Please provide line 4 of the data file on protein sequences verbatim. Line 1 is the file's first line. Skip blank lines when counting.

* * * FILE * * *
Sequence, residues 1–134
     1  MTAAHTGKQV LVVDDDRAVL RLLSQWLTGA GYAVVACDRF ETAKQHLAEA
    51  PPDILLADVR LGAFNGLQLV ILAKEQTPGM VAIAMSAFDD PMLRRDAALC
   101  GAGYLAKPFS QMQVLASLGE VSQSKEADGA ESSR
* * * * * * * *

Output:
   101  GAGYLAKPFS QMQVLASLGE VSQSKEADGA ESSR